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Ever Sick, Stefan!

Ever Sick, Stefan!

Howah, ever sick, as if I’m on the nativelovenotes website! I feel just famous now.

My name is Miskobinesibimise (Red Thunderbird Flying), or as Canada Revenue calls me Stefan Richard, I am a member of the Sagkeeng First Nation, I’m a radio personality, have a TV/Web Series in production with APTN lumi. All of this is thanks to Native Humor.

Let me take you back, I started a podcast in 2015 called “The Ever Sick! Podcast”, my friend Roger kept bothering me to start a podcast and after much of my resistance, he brought out an old recording device and a microphone in his basement and we made an episode, then 2, then 3, then eventually 150. We made a pact to try and make it like the Indigenous Tonight Show, except I’m not Jimmy Fallon, maybe Jimmy Favel, weeeeenuk. I got to interview some of the most recognizable names in Native Country, like NHL Legend Reggie Leach, Hip-Hop artist Drezus, Ryan Black from Dance Me Outside, among many others. It was eye opening to see how much incredible talent we have in our community.

The whole idea of the podcast was kind of conveyed within the title. Ever Sick! Such a simple saying for a lot of us in Manitoba but opened so many doors for me that I’m forever grateful for. I had an Icelandic Grandfather who grew up in the Interlake. Riverton in the 1940’s & 50’s, the town was predominantly Icelandic & Ukrainian families new to the country & Indigenous people. My Grandfather has had the most unique sense of humor of anyone I’ve ever met, he’s got that neechi humor from where he grew up *and* from marrying my Grandmother, who’s a member of the Pine Creek First Nation, but his was also kind of dark and I love that stuff. Comedy evolves from tragedy some say. Which brings me to my Father’s family, they are from Sagkeeng but I did not grow up with that side of my family. Residential school. Abandonment. Addiction. All the themes of our tragedies as a community are all there and inhibited my chance to be a part of that family.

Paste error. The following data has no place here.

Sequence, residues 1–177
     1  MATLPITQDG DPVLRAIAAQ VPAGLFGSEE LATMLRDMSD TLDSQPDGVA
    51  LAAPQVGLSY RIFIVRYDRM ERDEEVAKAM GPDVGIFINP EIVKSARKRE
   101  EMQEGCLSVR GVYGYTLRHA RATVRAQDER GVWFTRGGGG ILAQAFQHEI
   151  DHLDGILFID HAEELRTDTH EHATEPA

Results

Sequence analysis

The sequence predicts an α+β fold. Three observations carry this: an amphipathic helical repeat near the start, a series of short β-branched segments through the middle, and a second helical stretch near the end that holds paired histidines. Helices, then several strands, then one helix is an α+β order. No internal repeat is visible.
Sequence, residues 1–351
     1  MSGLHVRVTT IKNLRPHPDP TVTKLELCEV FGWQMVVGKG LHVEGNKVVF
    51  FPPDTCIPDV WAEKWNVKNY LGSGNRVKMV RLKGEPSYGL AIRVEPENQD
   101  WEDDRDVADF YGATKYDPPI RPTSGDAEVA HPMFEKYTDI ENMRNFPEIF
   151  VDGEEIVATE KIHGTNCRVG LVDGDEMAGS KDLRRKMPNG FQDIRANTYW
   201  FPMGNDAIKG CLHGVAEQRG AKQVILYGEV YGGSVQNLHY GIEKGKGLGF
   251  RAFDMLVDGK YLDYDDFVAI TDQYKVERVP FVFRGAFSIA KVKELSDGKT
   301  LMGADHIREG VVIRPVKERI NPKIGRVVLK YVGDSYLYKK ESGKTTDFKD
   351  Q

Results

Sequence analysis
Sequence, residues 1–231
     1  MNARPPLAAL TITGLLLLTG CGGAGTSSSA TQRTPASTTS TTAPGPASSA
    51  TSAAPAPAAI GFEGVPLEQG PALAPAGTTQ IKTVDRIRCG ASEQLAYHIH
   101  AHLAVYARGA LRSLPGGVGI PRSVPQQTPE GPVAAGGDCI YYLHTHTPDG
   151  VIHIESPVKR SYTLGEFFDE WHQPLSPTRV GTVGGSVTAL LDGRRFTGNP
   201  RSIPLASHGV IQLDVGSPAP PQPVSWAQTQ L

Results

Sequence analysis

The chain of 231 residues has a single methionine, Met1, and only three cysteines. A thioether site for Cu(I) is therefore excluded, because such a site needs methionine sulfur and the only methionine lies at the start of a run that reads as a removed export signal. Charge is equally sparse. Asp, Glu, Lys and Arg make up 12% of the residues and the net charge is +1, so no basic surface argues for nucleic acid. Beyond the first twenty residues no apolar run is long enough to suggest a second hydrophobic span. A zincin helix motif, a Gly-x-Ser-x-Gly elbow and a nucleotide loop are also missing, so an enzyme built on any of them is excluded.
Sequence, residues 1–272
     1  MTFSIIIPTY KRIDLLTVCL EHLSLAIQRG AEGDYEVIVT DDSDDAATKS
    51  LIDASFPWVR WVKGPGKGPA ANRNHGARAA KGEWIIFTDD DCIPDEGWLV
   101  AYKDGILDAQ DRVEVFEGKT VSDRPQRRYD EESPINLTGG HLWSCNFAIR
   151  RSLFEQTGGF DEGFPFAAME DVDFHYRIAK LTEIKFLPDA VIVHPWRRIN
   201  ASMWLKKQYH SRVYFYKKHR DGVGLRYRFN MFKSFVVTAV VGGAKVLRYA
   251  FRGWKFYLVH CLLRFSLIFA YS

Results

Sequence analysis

My Father & I’s relationship is very rocky. But it was the first time that I went to his house that opened my eyes onto how our people adapt to those tragedies that we are all affected by. He picked me up in the city and was driving me back to St. Georges, where he was living at the time. We stopped for gas in Brokenhead (this was pre-boujee Wavers,) when he got out for his 20 plus, I’ll never forget the 2 other guys who were pumping gas at the same time, BIG Uncle types, long ponytails, scruffy goatees, big bellies. It was springtime too, so they had their big rubbers on. Not that the season matters for an Uncle to wear his rubbers, but still, it stands out in my memory. My Dad and these 2 big guys were all pumping gas, laughing so hard. Tongues out. Bellies bouncing. I thought he might have known them from back on the rez. So when he got back into the van, I said “who were those guys?” and his response “I don’t know.” Then I followed up with “what the heck was so funny out there?” and his response again was “I don’t know. We just laugh at each other.” Something clicked in my head, that even though we have had a genocide committed against us. It’s our humor that keeps us balanced. It keeps us level. It keeps our hearts full. I never want us to lose that. It’s good for the heart. It’s good for the soul.

My favorite type of native humor is when one of us gets called out for simply being practical. Let me set the scene for you. It’s winter. It’s cold & windy. We’re outside walking to the store. I pull out my mitts when my cousins look at each other “Hooooh, just really has mitts” and bursts out laughing. Dude that is the funniest shit in my life. I can’t think of anything stupider to laugh at, but that’s why I love it. 

After I finished the Ever Sick! Podcast, I took a short gig with APTN to host their Digital Drum podcast, before moving onto NCI FM’s Afternoon show for 2 years. I have never been so proud to host something in my life than I was during those 2 years on NCI. It was the station I had grown up listening to. I had heard the Big Bear, Dennis Chartrand, Sheila North, Clarence Two Toes, among others on there. The list goes on. I was able to harness a lot of that humor I had heard growing up on the radio for my own show. I feel like it was some of my finest work, even though it was my first real radio gig, where else could I have called someone a “ch’garlic” on the radio and the audience not only understand but find it funny!

This year, I’ll also be hosting a new show on APTN lumi coming out this year focusing on my journey on learning Indigenous Language, the show will be educational, uplifting, but most importantly for me at least, is that it will be funny. I have the creative freedom to use the humor that’s saved us for many generations and amalgamate it with the language that we so badly are trying to save. To me, there is no better way to celebrate us by using humor to save culture. Turning native humor into a career is not something I had set out to do. But it has given me so many opportunities to take part in our community. Something that I did not have so strongly growing up. Thank you for taking the time to read this, now g’wan, Uncle’s stories are coming on the TV.


aka Stefan Richard

FB: Stefan Richard
IG: @stefanxrichard


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